Sun. 5/3/20: COVID-19 Daily Update
United Air Cuts Work Hours, Spurring Labor Showdown for Next CEO – Bloomberg.
Although United has already received $5 billion in CARES Act bailout money and is applying for another $4.5 billion in low-interest loans, management has announced plans to cut hours for 15,000 workers from 40 to 30 hours per week. The Machinists Union, which represents those workers, argues that this violates the conditions of the CARES Act for companies getting bailout money. United says it is an allowed “reduction in work hours” rather than a furlough.
Trisha Kehaulani Watson: Data, Not Dates, Should Drive Reopening Of Hawaii – Commentary in Honolulu Civil Beat.
Good commentary arguing that the protests demanding reopening are offensive in a place where 98% of Native Hawaiians were killed by introduced diseases.
Battered global tourism industry makes reopening plans – Associated Press.
Excerpt: “Tourism Economics, a data and consulting firm, predicts global travel demand won’t resume its normal pace until 2023.”
Republican-led states signal they could strip workers’ unemployment benefits if they don’t return to work, sparking fresh safety fears – The Washington Post.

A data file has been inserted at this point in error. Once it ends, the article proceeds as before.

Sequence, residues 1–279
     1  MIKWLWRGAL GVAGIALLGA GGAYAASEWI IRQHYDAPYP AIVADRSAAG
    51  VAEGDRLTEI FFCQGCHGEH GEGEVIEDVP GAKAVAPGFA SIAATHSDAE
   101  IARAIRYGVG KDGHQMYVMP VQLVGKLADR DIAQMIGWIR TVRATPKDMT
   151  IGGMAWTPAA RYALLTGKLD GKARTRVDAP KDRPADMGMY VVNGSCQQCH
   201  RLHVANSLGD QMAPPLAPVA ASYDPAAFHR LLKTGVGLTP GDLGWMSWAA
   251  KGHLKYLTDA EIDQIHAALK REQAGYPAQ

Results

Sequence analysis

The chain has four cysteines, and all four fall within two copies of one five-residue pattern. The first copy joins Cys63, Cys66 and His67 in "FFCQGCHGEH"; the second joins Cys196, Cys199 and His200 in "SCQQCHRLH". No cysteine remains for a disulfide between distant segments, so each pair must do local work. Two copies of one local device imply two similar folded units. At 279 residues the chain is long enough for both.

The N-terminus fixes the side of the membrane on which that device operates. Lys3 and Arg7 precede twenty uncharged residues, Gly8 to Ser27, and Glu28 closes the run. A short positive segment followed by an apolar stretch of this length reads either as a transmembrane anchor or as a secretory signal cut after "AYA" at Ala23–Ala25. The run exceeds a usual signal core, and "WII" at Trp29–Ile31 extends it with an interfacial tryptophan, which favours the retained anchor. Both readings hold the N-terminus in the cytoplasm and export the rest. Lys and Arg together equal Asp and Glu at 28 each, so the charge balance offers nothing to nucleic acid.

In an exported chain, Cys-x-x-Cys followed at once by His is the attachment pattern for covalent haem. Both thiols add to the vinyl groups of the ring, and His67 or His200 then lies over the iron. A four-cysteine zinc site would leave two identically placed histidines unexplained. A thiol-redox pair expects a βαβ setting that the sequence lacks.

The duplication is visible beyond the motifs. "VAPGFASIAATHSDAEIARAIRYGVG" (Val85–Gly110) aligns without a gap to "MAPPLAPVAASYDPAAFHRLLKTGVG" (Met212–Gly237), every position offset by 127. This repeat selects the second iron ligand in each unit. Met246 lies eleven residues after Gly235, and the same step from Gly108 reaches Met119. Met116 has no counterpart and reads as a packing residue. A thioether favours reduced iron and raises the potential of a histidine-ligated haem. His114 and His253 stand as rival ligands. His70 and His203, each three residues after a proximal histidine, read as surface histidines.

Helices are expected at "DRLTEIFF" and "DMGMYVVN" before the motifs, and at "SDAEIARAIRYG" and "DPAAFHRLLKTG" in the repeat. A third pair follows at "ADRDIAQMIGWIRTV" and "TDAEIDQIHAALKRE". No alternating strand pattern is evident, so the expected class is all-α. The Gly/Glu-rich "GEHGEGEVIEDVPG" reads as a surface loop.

Some states—because of corporate lobbying—will do anything to force workers back to work before it’s safe; anything except pay them more money or provide adequate safety protections.
Native Hawaiians Are Losing Out On Millions Of COVID-19 Dollars – Honolulu Civil Beat.
Because there is not currently federal recognition of Native Hawaiian sovereignty, COVID-19 relief money that was set aside for Native American tribes is not available to Native Hawaiians. Trump recently attempted to steer this money away from all Native American tribes and instead give it to for-profit corporations nominally run by Native Americans. The attempt has been unsuccessful so far—it was struck down by a federal judge last week—but the tribes have not yet received any of the money.
“Similar to Times of War”: The Staggering Toll of COVID-19 on Filipino Health Care Workers – ProPublica.
There is a very large number of Filipino-Americans working in the healthcare field. Because of that, and because of the dangerous types of work they often do—work that involves close contact with sick patients—the Filipino community in the U.S. has been hit hard by the pandemic.
World: Cases: 3.5M (+80k). Deaths: 247(+4k)
USA: Cases: 1.15M (+20k). Deaths: 67.6 (+1.3k). Total Tested: 7M (+200k)
Hawaii: Cases: 620 (+0). Deaths: 17 (+1). Hospitalized: 73 (+1). Recovered: 544(+3)